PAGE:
The Crane Wife is an old Japanese folktale, which inspired a couple of wonderful songs by The Decemberists (The Crane Wife 1 & 2, and The Crane Wife 3). These songs, along with others from the similarly titled album, helped make life worth living in 2006. When it was released, I was just starting school at University (a big step up from the junior colleges I had attended to this point), and was feeling very isolated. The Decemberists, along with bands like Death Cab for Cutie and The Smiths, carried me though campus as I carried them in my headphones, not having to face things alone. I could go anywhere with my headphones in, because it felt like I had my friends right there with me. I digress, but suffice to say, these songs have been important to me since I started listening to them almost a decade ago.
Let’s get on with it: back to the story. While there are many variations of the Crane Wife tale, a common version is that a poor man finds an injured crane on his doorstep (or outside with an arrow in it). The man takes in the crane and nurses it back to health. After he releases the crane, a beautiful woman appears at his doorstep with whom he falls in love and marries. Because they need money, his wife offers to weave wondrous clothes out of silk that they can sell at the market, but only if he agrees never to watch her making them. His wife is given her own room in which to weave her garments, where the door always remains closed, and the husband keeps his part of the agreement not to watch her work. They begin to sell the handsome garments and live a comfortable life, but he soon makes her weave more and more. Oblivious to his wife’s declining health, his greed increases.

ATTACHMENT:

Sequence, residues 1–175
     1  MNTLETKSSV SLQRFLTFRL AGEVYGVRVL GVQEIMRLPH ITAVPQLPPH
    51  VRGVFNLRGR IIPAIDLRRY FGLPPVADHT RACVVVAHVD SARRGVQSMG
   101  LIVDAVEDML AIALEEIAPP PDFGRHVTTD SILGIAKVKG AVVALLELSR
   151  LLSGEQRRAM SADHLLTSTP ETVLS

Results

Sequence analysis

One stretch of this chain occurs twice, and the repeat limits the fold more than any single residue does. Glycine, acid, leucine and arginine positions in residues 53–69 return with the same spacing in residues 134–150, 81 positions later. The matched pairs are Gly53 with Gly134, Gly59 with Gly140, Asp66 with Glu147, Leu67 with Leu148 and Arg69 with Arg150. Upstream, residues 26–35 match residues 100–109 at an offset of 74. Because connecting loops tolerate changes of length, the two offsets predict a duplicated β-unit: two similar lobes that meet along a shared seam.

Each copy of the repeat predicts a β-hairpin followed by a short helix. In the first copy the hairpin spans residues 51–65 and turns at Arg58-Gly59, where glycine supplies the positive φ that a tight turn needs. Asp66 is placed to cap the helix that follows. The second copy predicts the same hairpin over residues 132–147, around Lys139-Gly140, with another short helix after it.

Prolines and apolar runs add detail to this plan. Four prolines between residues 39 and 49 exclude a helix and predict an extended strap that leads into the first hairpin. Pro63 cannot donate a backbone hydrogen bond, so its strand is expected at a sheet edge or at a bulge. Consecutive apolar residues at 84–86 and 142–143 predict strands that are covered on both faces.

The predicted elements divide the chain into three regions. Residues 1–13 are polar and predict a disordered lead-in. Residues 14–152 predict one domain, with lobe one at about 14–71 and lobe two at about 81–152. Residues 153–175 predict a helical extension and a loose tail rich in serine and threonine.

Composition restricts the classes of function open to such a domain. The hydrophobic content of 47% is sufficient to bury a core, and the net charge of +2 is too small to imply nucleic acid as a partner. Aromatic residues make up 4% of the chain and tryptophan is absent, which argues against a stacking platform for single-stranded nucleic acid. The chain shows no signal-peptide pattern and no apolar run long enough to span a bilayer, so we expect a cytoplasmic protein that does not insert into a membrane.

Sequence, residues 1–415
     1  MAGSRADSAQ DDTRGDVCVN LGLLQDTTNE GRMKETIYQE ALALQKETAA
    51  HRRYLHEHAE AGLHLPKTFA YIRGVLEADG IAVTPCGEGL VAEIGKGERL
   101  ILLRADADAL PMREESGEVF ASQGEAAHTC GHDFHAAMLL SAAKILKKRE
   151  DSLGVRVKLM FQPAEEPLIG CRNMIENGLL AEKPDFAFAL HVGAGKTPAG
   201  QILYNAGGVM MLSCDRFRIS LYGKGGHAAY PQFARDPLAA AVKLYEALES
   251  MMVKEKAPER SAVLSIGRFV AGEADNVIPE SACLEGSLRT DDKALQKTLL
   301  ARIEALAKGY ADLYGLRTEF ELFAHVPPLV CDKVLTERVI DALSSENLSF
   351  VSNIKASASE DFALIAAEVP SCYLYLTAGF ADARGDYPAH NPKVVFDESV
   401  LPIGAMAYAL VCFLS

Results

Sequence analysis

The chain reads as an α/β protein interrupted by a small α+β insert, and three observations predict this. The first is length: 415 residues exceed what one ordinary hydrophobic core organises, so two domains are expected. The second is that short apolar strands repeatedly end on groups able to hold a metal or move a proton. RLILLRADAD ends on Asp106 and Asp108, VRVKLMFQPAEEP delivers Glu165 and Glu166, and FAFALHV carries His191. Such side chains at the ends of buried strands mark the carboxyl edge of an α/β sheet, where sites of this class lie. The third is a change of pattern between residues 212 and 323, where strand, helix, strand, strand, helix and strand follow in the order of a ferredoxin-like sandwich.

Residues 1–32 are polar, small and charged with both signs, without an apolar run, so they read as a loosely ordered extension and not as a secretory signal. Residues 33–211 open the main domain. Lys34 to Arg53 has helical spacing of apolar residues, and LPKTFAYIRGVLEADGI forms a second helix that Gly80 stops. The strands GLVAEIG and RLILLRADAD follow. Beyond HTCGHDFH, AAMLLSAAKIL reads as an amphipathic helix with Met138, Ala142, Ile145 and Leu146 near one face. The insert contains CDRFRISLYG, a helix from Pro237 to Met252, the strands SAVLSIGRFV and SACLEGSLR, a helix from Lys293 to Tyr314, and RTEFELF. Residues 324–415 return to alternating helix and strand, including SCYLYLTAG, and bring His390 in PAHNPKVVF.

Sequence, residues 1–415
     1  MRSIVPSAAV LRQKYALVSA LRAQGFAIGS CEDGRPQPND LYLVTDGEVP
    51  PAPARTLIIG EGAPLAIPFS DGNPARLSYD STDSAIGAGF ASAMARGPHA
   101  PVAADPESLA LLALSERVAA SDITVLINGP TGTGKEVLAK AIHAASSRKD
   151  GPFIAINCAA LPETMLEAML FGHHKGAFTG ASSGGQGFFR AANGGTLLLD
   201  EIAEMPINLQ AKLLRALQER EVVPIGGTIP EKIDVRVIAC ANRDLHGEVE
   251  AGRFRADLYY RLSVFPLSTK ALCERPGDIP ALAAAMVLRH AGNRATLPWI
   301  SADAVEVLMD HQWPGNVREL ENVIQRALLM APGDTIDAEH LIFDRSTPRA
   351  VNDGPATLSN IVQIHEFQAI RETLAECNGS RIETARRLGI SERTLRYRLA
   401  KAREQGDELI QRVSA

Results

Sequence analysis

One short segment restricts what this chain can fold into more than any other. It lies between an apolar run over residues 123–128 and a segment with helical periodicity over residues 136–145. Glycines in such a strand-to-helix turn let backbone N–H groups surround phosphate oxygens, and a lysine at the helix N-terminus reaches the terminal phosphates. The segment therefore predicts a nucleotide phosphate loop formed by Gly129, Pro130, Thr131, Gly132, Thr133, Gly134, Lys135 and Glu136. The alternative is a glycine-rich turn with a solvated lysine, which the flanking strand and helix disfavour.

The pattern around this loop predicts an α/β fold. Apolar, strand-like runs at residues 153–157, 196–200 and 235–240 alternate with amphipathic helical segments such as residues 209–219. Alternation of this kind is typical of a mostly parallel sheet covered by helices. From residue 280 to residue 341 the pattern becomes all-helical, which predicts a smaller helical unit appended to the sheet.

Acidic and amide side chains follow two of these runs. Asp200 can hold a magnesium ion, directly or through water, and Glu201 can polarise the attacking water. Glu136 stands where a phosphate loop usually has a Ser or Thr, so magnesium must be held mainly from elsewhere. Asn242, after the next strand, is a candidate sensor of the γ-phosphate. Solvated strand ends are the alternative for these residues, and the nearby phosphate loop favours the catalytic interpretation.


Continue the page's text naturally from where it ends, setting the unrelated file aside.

“We were poorly, our fortunes fading hourly
And how she vowed me, she could bring it back
But I was greedy, I was vain and I forced her to weaving
On cold loom, in a closed room, with down wove”
Curious and beginning to worry about his wife’s health, he eventually peeks in her room to see what she is doing to make the silk she weaves so desirable. He is shocked to discover that at the loom is a beautiful crane; his beautiful crane, the very one he nursed back to health! This crane, his crane wife, was plucking feathers from her own body and weaving them into the loom. The crane wife, seeing him and feeling betrayed, flies away and never returns.
“…The feathers and the thread
And all I ever meant to do was to keep you
My crane wife”
–The Crane Wife 1 & 2
I chose this story as the focus of this blog because at times, we have all been the crane wife, and we have all been the husband. We are guilty of giving too much, to our detriment, and of taking too much from others without realizing it is to their detriment. As I settle into new life ventures (e.g. jobs, home, husband, etc.), I try to be mindful of times when I am giving too much of myself. What is easier for me, though, is to be mindful of taking too much from others. This is not to say that I am not selfish, because I am, but I fit the role of the crane wife more often than not. I think that goes for more people than not.
I hope this day has given you the opportunity to give something of yourself to another, and I hope that you have been able to receive a gift of kindness as well. Be well and be happy. Until next time!